Despite points of light like South Africa, the continent seems to have fallen into something of a holding pattern. Progress remains, well, moderately paced. Poverty, AIDS, environmental degradation, and politics that put Byzantium to shame offer China a fertile field for political and commercial engagement, but the problems that hold the continent down remain intractable.

You could start a good fight at a cocktail party in Beijing by suggesting that China is just the latest boot on the collective neck of the people in Africa. Yes, the assertion is hyperbolic, but it raise the question of whether Beijing’s engagement has been any better for the people of Africa than colonial exploitation or the misguided foreign aid regime promulgated by the US since the 1960s. Indeed, a read through this paper offers the unappealing suggestion that just as we in the west are questioning the value of aid, China is doubling down on handouts. China, it seems, has not learned much about what works in Africa since its own ill-fated ventures there in the 1960s. If what China is practicing in Africa is not some variety of mercantilist neocolonialism, I would be pleased to know what to call it.

And the US is no white hat, here. In fact, it is starting to look like we have already passed the high-water mark of engagement with Africa beyond the ongoing terrorist hunt. The Obama-Hegel review of defense spending makes it apparent that the Department of Defense will gut the Africa Command (AFRICOM) in the coming years, and I would bet on the DoD standing down the command before 2020. As it must be: given the resources available the US is arguably best off returning to a hemispheric strategy, allowing Beijing (and possibly Delhi) to fall into the Imperial Overreach trap.

As recent events in Libya and Mali demonstrate, Europe remains better positioned historically and otherwise to engage in Africa than the US. But ongoing economic issues – and Russia’s growing adventurism – means that the focus of European defense will most likely shift east again, even if the economies of Europe and Africa become increasingly interlocked through immigration and trade.

The real story for Africa will be how to balance the growing influence of China with that of India. The Middle East, while the destination of many African exports, is (as Europe) set on its own Via Dolorosa as the politics of the region evolve. India and China, with robust economies and growing competition, look to be the next players in the African Great Game.

The question now is what form that great game will take. Brookings is appropriately concerned that the continent will become increasingly dependent on its emerging market trading partners. The nations of Africa need political stability, economic growth, and a population able to spend money. Those things will not happen if Africa once again finds itself on the wrong end of a mercantile economy, in particular if corrupt elites and bureaucracies can lean on their opportunistic Chinese and Indian patrons for support.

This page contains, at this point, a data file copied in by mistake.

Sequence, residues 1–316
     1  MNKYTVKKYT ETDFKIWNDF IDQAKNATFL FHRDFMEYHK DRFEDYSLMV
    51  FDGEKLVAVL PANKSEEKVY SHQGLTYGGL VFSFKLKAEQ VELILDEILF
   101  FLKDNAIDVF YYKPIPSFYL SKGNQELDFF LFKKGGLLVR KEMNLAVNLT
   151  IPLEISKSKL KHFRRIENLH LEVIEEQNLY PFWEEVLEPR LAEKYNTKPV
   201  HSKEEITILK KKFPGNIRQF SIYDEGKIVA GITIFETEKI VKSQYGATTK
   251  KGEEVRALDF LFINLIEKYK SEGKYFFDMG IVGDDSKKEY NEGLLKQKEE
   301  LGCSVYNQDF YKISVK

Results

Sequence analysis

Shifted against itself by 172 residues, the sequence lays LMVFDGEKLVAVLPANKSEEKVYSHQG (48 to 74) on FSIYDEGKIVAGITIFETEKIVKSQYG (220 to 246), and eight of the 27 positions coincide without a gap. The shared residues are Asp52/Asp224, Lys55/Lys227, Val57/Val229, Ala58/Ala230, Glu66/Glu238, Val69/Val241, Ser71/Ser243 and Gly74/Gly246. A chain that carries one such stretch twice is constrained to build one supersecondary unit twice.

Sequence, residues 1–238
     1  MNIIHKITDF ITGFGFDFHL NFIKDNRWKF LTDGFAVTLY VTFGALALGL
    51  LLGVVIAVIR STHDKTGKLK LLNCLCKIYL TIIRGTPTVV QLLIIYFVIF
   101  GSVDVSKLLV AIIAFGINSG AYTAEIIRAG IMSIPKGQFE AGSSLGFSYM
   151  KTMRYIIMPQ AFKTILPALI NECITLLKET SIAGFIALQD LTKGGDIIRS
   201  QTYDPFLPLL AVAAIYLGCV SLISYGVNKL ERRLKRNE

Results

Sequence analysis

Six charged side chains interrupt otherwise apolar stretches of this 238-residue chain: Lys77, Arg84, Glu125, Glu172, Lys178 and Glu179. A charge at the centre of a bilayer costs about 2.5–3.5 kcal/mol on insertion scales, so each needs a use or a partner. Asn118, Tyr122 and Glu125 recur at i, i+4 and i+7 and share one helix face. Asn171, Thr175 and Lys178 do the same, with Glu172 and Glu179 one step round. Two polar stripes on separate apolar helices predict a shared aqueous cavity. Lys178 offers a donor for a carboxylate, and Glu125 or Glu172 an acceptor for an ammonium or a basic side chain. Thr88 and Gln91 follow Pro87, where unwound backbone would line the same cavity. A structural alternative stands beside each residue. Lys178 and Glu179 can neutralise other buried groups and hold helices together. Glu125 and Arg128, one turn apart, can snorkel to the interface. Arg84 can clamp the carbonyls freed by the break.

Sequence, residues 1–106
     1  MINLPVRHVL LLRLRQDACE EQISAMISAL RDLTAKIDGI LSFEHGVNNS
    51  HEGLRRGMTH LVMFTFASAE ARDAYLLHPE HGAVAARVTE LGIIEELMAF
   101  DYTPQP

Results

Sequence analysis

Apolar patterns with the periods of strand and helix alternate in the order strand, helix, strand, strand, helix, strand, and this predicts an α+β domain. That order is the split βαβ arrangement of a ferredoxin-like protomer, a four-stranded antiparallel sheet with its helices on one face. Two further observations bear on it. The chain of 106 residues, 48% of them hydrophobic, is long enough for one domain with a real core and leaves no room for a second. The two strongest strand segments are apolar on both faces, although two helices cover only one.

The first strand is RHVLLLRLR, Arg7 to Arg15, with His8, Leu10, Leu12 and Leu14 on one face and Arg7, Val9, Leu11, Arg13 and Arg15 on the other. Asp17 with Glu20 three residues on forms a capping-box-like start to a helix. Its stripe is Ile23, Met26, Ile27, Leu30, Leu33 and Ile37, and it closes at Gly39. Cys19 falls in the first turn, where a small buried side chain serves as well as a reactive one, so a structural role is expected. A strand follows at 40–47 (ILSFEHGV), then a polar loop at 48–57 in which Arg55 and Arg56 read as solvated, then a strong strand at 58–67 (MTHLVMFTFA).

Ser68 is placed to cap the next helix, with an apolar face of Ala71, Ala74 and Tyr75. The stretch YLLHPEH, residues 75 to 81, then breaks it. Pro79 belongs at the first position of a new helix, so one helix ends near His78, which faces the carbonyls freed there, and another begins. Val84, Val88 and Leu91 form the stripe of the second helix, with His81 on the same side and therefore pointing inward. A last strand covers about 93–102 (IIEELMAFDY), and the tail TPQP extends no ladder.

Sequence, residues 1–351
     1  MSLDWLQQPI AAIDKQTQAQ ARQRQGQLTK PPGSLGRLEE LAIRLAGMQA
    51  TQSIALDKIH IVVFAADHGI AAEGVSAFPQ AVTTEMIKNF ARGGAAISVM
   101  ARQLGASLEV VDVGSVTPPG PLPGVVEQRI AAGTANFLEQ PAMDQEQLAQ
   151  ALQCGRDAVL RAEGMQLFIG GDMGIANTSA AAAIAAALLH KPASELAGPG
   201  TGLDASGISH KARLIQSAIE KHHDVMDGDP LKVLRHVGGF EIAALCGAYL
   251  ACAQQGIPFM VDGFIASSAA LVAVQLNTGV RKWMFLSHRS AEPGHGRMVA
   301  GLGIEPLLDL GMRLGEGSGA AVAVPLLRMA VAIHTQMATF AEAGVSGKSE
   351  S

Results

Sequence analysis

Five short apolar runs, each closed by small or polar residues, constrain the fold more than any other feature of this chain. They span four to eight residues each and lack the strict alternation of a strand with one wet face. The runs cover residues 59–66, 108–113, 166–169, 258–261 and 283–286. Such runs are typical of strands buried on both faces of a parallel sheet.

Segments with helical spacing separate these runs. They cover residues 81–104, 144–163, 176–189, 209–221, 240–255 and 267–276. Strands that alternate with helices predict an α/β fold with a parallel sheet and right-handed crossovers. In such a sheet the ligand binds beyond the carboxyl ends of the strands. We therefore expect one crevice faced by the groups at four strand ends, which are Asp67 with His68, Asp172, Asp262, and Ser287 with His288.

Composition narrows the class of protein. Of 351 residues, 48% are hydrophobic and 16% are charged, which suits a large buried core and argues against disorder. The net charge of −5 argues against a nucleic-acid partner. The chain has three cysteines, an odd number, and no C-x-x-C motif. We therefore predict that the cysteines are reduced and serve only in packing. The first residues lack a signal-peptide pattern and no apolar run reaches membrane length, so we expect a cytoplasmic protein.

Understanding China’s NSC

Decoding China’s New “National Security Commission”
Joel Wuthnow, Ph.D.
CNA

November 27, 2013

In the wake of the meetings of the Congress of the Chinese Communist Party in November, the government announced the creation of a new body to unify and oversee China’s national security apparatus.

At first blush, the body looks a lot like the US National Security Council. Even though details are scant, dissection of the announcement by CNA’s China specialists suggest that there are subtle yet important differences, and some real bureaucratic challenges. CNA’s Joel Wuthnow pulls together those opinions to begin to add some clarity to the enigma that is China’s NSC.

This is a great read, if for no other reason than to get a glimpse at the birth of a body that will become an important force in global politics going forward.

On November 12, 2013, the People’s Republic of China (PRC) announced the creation of a new “National Security Commission.” Although few details were offered, PRC official sources and commentary by senior PRC security experts provide insight into its purpose and expected achievements. – See more at: http://www.cna.org/research/2013/decoding-chinas-new-national-security-commission#sthash.3D22PgnL.dpuf
On November 12, 2013, the People’s Republic of China (PRC) announced the creation of a new “National Security Commission.” Although few details were offered, PRC official sources and commentary by senior PRC security experts provide insight into its purpose and expected achievements. – See more at: http://www.cna.org/research/2013/decoding-chinas-new-national-security-commission#sthash.3D22PgnL.dpuf

Pharma’s Next Billion Patients

bcg.perspectives – Pharma’s Next-Billion Patients

BCG offers a fascinating look at what is at stake for big pharma in China. For that reason alone it is worth reading if you have even the least interest in healthcare in the PRC.